Last week, during all the party festivities, I was stirring enchilada sauce and mixing pumpkin-spice-latte cupcakes and I discovered I was very, very good at splattering. Apparently, when the enchilada directions said “simmer the sauce for ten minutes uncovered,” I read, “vigorously boil the enchilada sauce for ten minutes uncovered.” If you’ve never done it, a vigorous boil and a simmer are two very different things. If I had simmered, I’m pretty sure more of the sauce would have stayed in the pot instead of ending up vigorously boiling out onto the stove, my sweater…the wall? (wow), and the floor.
Needless to say, a half-apron for that meal just didn’t cut it. So, I began to think of how I could add a little splatter-safety onto my apron:
After a few shredded patterns, some misplaced darts, too wide of straps, and buttons that weren’t cooperating, I finally got it. My Etsy shop, Vintage Muses, is now offering convertible aprons. The bottom half hasn’t changed except for a few nifty snaps that the top can simply snap into for some vigorous boiling episodes, and unsnap again if you just feel like wearing the half:
Pretty nifty, yes? My favorite part is that you can have multiple different tops to snap and unsnap and each one can give you an entirely different look.
The top has two darts sewn in and a sweetheart neckline so the typical oversized, straight-across apron-top is a bit more feminine.
The bottom and top can be purchased separately or, of course, the two together. I’m really looking forward to this new option, and, also looking forward to using some of my custom fabrics I’m creating. There is definitely more to come!
If you’re thinking of doing some vigorous boiling soon for Thanksgiving, don’t do it until you’ve stopped by Vintage Muses first!
Its supposed to be 82 degrees today–thanks California. Guess who is completely bummed though? Me. Yes, I hate it. But I’m thinking wishfully so I thought I would share with you a few fun ways to tie a scarf, so, if fall ever decides to stick around, you’ll be ready.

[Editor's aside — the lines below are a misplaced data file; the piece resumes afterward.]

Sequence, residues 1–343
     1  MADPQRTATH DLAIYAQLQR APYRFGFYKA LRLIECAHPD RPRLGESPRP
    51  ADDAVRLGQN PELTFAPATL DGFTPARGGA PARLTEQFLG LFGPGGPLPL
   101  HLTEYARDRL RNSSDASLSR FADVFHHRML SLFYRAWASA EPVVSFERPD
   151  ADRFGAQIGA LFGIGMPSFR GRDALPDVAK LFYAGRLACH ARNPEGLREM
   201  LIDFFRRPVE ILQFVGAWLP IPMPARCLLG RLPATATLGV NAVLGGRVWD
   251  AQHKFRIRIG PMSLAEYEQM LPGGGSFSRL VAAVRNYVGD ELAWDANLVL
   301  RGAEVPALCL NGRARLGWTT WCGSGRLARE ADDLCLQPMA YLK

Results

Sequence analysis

I love this little book. It’s a pamphlet from Nordstrom’s from the 80s and, excepting the unfortunate bowl hair-cuts on many of the models, it’s a really great step-by-step guide to tying all sorts of different scarves (oblong, square, bias) into all sorts of different ways. In honor of my series this week of showing how the addition of a few accessories can add some simple femininity to your everyday look, I thought I would share two of my favorite ways to tie a scarf.
The scarves I’m talking about aren’t the keep-me-warm-ones necessarily. Instead, these are more of the thinner fabrics that can be worn indoors–even after you take your coat off–and can add some elegance to a shirt and jeans, a plain sweater- dress, or with a collared button-down to keep it feeling girly.
These are some of my favorites:
They really aren’t even scarves at all, but are actually about a half of a yard of fabric I bought for a few dollars each. Once tied, they look super-chic and not anything like a square piece of fabric cut off the bolt: cheap and the possibilities are almost endless.
Tie number one:
(I warned you about the hair didn’t I?) If you can’t tell what to do from the image, here’s a little more help:
1.) Drape an oblong scarf around your neck and about half-way up pinch one side of the scarf to the other side with your thumb and forefinger:
2.) Using a ring, push the pinched part of the scarf through the hole of the ring:
3.) Keep pulling the scarf through the hole until you get it to the length you want:
Tie number two
This one looks a bit more complicated but it’s really not. It’s easiest to do with thinner fabrics otherwise the pleats get a little too fluffy and it looks like a mess. I used Alice to help me out on this one:
1.) Drape an oblong scarf around your neck and tie a loose knot in one side about two inches from the bottom:
2.) Fold the other side into accordion pleats until it’s even with the knotted side…
…and hold onto the inside half of the pleats and let the other side fan out: